Accordingly, Turnbull favors a passive approach for most investors. He concedes, however, that anyone who can predict favorable investment outcomes consistently on a risk-adjusted basis should adopt active investment techniques to maximize portfolio performance. But to underscore how difficult active portfolio management is, he provides viewpoints from three financial luminaries. Benjamin Graham, who famously sought value through active investment management by using rigorous and disciplined analytical techniques, lent support to this view. In a 1976 interview in the FAJ,1 he commented that although elaborate security analysis had been a rewarding activity about 40 years earlier—when his seminal book Security Analysis (co-authored with David Dodd) was published—he was no longer an advocate of it because the market and industry dynamics had changed. In light of the enormous amount of research activity that was by then being pursued, Graham further expressed doubt whether, in most cases, extensive efforts would generate sufficiently superior selections to justify their cost. According to another luminary, Charles D. Ellis, “The investment management business is built upon a simple and basic belief: Professional managers can beat the market. That premise appears to be false.”2 Finally, Peter Lynch expressed the view that “all the time and effort people devote to picking the right fund, the hot hand, the great manager, have in most cases led to no advantage.”3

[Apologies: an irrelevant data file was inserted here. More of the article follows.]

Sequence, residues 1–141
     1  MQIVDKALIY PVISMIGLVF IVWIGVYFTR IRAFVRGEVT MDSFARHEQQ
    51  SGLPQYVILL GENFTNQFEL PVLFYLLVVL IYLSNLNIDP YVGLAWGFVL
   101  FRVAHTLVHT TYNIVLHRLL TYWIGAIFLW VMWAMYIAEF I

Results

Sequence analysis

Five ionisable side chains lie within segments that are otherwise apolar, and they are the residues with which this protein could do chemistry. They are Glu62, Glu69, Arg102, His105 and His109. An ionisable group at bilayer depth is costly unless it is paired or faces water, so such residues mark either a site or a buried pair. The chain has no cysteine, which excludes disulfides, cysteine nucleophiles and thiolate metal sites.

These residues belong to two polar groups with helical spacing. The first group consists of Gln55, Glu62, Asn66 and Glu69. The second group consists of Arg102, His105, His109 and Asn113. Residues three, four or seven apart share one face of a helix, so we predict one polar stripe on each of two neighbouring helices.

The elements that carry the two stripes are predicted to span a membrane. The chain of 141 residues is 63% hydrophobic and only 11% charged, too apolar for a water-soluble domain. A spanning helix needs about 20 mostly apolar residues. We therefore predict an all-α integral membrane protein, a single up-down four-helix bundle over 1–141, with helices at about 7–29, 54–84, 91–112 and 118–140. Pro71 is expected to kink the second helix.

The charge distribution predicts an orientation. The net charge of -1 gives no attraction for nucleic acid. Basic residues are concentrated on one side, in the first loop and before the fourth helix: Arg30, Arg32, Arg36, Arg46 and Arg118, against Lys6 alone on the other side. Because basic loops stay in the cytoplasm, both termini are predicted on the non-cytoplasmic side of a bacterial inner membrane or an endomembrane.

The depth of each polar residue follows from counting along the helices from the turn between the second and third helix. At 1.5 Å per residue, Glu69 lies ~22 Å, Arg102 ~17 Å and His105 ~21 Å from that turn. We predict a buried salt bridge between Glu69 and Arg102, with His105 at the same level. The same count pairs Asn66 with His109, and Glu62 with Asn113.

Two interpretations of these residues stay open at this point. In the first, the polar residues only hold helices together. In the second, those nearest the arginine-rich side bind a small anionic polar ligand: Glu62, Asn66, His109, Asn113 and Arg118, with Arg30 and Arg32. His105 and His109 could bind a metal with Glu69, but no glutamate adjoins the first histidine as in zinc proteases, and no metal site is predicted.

Thus, Turnbull contends, investors would do better to focus on low costs than on trying to identify star fund managers. Good investment results, he says, start with an achievable objective. Investors should be more concerned about the risk of underperforming than about the possibility of achieving outperformance.

Those who will fare best, in Turnbull’s view, are investors with experience and sophisticated knowledge of the workings of the markets. Most people are poor consumers of investment products and services. They commonly overlook the fact that brokers are compensated for transactions and thus manage client portfolios to match their own revenue targets, resulting in conflicts of interest. Enlightened investors, he says, are now asking, “How do we benefit from an industry of products and predictions?” He reasons that conflicts of interest can be overcome by engaging an investment counselor who charges a disclosed fee for financial advice, portfolio management, and proper performance reporting.